Apple CEO Tim Cook mostly avoided questioning during Wednesday’s historic congressional antitrust hearing on the business practices of Big Tech.
Cook took only a handful of questions from the House Judiciary antitrust subcommittee. Lawmakers directed most of their questioning — which capped a year-long investigation into antitrust issues — at Cook’s fellow CEOs from Facebook, Google and Amazon.
In the space of three short months, Jon Prosser went from an obscure YouTube nobody pumping out videos barely anyone watched to becoming one of the hottest Apple reporters on the internet.
On Twitter and YouTube, he’s unspooled a string of accurate predictions, including the exact dates and launch times of two of Apple’s newest products, the 13-inch MacBook Pro and the 2020 iPhone SE. That’s no mean feat, given Apple’s obsessive secrecy.
Prosser’s latest leak — revealed on last week’s episode of Cult of Mac’s podcast, The CultCast — claims Apple is working on a special pair of Steve Jobs Heritage Edition AR glasses. That wild revelation drew skepticism from none other than über-Apple reporter Mark Gurman.
“Do I even need to say that this (along with the rest of the Apple AR glasses stories in the past week) is complete fiction?” Gurman tweeted.
Jon Prosser makes headlines
Perhaps Gurman, who made his bones at 9to5Mac before moving up to Bloomberg, is feeling the heat. Prosser is starting to nip at his heels.
Apple is working on a special pair of AR glasses that resemble the spectacles Steve Jobs famously wore, white-hot Apple leaker Jon Prosser told Cult of Mac.
Called the “Steve Jobs Heritage Edition,” this limited-edition version of Apple Glass would be round like a classic pair of John Lennon-style glasses. Cupertino would position it as a special edition of the core AR glasses, much like the original $10,000 gold Apple Watch.
Now that iPadOS supports mice and trackpads, it’s a better time than ever to turn your iPad into a mini iMac. To do that, you need the Slope: a nice-looking stand that props up your iPad at the perfect angle for working. Just slide a keyboard and trackpad underneath, and you have something that resembles Apple’s new Magic Keyboard, but at a fraction of the price.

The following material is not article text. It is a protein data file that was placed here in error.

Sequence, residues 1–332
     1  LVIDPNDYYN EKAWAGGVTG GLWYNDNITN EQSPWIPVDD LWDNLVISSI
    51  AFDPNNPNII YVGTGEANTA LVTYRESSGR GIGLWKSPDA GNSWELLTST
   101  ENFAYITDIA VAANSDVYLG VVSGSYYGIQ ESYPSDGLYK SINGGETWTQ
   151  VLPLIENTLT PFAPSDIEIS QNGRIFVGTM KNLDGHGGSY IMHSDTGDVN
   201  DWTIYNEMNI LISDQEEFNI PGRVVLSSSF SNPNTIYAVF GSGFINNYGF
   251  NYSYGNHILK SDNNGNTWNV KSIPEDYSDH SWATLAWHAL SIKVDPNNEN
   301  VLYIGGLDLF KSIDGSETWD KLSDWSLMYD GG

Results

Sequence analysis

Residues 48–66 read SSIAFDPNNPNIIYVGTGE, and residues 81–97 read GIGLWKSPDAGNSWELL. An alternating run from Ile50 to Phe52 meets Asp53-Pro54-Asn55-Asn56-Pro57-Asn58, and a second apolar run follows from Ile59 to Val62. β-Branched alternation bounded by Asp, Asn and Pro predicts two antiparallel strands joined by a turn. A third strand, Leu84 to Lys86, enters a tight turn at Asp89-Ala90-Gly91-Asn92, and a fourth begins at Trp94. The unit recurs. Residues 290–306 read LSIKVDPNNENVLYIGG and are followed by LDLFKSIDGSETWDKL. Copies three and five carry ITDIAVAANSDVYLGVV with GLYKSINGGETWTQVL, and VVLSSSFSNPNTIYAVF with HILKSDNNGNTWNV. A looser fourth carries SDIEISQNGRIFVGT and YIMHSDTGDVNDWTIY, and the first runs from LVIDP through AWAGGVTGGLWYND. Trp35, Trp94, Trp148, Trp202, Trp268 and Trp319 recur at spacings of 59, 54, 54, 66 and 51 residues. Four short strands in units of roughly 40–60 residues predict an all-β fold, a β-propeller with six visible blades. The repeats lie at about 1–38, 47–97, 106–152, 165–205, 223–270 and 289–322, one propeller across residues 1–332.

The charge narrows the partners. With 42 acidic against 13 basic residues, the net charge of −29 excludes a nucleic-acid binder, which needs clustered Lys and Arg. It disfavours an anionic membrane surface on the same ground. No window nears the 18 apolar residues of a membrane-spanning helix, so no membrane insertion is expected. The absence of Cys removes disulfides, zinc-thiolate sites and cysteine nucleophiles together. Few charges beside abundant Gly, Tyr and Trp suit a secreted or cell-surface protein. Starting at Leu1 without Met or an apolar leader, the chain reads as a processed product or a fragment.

Made from anodized aluminum, the Slope looks good in the kitchen, on your desk or at bedside. It keeps your iPad out of the muck when cooking, or at the perfect angle for watching videos.
An amazing 49-inch LG UltraWide monitor dominates the sweet work-from-home setup of front-end developer Justin Chua from San Jose, California. A second 32-inch Dell monitor floats above, adding even more screen real estate to this eye-blasting battlestation.
And check out his sweet, custom-made mechanical keyboard!
Here’s a tip for small-business owners trying to fill out the Small Business Administration’s new online COVID-19 Economic Injury Disaster Loan Program application: Use Google’s Chrome browser, not Safari.
For the longest time, I had a particular problem with my Apple Watch. When I rode my bicycle, the watch’s Digital Crown would rub against my wrist, playing havoc with the sound coming through my AirPods. Suddenly it would get very loud, or very low. It drove me crazy.
I tried everything I could think of, including wearing my watch backward so the Digital Crown was reversed, or on the inside of my wrist. Nothing worked, so I disabled Now Playing on my Watch, which I missed because it’s great for controlling music when doing something like riding a bike.